We looked out over the whole of the valley: the Franklin Mountains, the Chihuahuan Desert, and the Rio Grande as it makes its over-engineered, halting way to the Gulf of Mexico. We thought about the Venezuelan migrant at her dangerous shelter, and the HIV+ Cuban migrant who we’d seen at the detention center in El Paso, and who had been processed for release into the U.S. that morning. Where were they now? We thought, improbably, about dinosaurs. And we thought about our broken immigration policy, of the vast tangible and intangible systems that make up the border, only some of which we felt we understood. And then there was a U.S. flag on top of the mountain, waving in the wind, planted in the ground triumphantly, as if this were the moon. We were so far from home, so far from anything that seemed safe, comforting, or familiar. We might as well have been on the moon. Eventually it was time to go.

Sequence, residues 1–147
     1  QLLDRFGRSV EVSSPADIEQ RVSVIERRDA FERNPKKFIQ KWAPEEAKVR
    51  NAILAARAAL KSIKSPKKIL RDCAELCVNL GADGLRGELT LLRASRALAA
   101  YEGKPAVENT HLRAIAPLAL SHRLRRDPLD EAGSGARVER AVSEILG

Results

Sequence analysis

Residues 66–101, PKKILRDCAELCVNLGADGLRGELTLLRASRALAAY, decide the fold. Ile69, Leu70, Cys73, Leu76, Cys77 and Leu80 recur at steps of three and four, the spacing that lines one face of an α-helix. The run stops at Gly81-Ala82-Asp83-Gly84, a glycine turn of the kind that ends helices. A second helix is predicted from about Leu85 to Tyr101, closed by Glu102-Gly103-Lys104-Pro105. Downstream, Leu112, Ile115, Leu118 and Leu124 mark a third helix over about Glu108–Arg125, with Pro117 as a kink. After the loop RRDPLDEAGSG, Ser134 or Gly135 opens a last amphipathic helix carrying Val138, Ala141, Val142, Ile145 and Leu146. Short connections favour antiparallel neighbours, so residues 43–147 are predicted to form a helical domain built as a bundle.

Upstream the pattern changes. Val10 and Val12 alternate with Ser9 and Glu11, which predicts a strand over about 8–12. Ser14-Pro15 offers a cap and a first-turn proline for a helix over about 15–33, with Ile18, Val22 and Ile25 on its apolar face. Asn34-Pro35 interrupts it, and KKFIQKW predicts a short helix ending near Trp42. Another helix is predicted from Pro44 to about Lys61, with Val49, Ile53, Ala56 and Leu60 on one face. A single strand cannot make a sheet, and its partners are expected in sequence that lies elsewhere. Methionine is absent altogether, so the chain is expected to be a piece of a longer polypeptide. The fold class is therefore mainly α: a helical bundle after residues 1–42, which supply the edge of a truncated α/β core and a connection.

The authors, at the lookout atop Mount Cristo Rey

“What did you do in Mexico?” the Border Patrol agent had asked upon our re-entry over the Bridge of the Americas. “We visited people,” we said lightly, as the lawyer had advised.

What we didn’t say was: “We bore witness. We were changed. We are not the same.”


Sarah A. Leavitt is a former curator of the National Building Museum, Washington, D.C. 

Marla R. Miller is a professor of history at the University of Massachusetts Amherst and director of its Public History Program.

All photographs courtesy of the authors.

The authors would like to thanks Liz Ševčenko for her thoughtful reading of an early draft of this essay, and Jim Hicks for his support and advice as we brought the writing to conclusion. We also express our deep gratitude to the staff of Las Americas Immigrant Advocacy Center in El Paso for the urgent work they do, and for allowing us to spend a day observing their efforts on behalf of migrants and their families. Updates on the delayed exhibition on the border wall at the National Building Museum can be found here. A companion essay to this one is appearing in History@Work, the blog of the National Council on Public History; we thank both editorial teams for their supportive response to our proposal to connect these two related pieces.